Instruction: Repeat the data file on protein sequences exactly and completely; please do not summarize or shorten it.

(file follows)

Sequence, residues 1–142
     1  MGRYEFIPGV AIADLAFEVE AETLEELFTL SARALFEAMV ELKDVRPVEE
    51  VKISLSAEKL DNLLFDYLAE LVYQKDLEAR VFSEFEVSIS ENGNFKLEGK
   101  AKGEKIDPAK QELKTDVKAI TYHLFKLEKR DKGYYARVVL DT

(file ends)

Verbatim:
Sequence, residues 1–142
     1  MGRYEFIPGV AIADLAFEVE AETLEELFTL SARALFEAMV ELKDVRPVEE
    51  VKISLSAEKL DNLLFDYLAE LVYQKDLEAR VFSEFEVSIS ENGNFKLEGK
   101  AKGEKIDPAK QELKTDVKAI TYHLFKLEKR DKGYYARVVL DT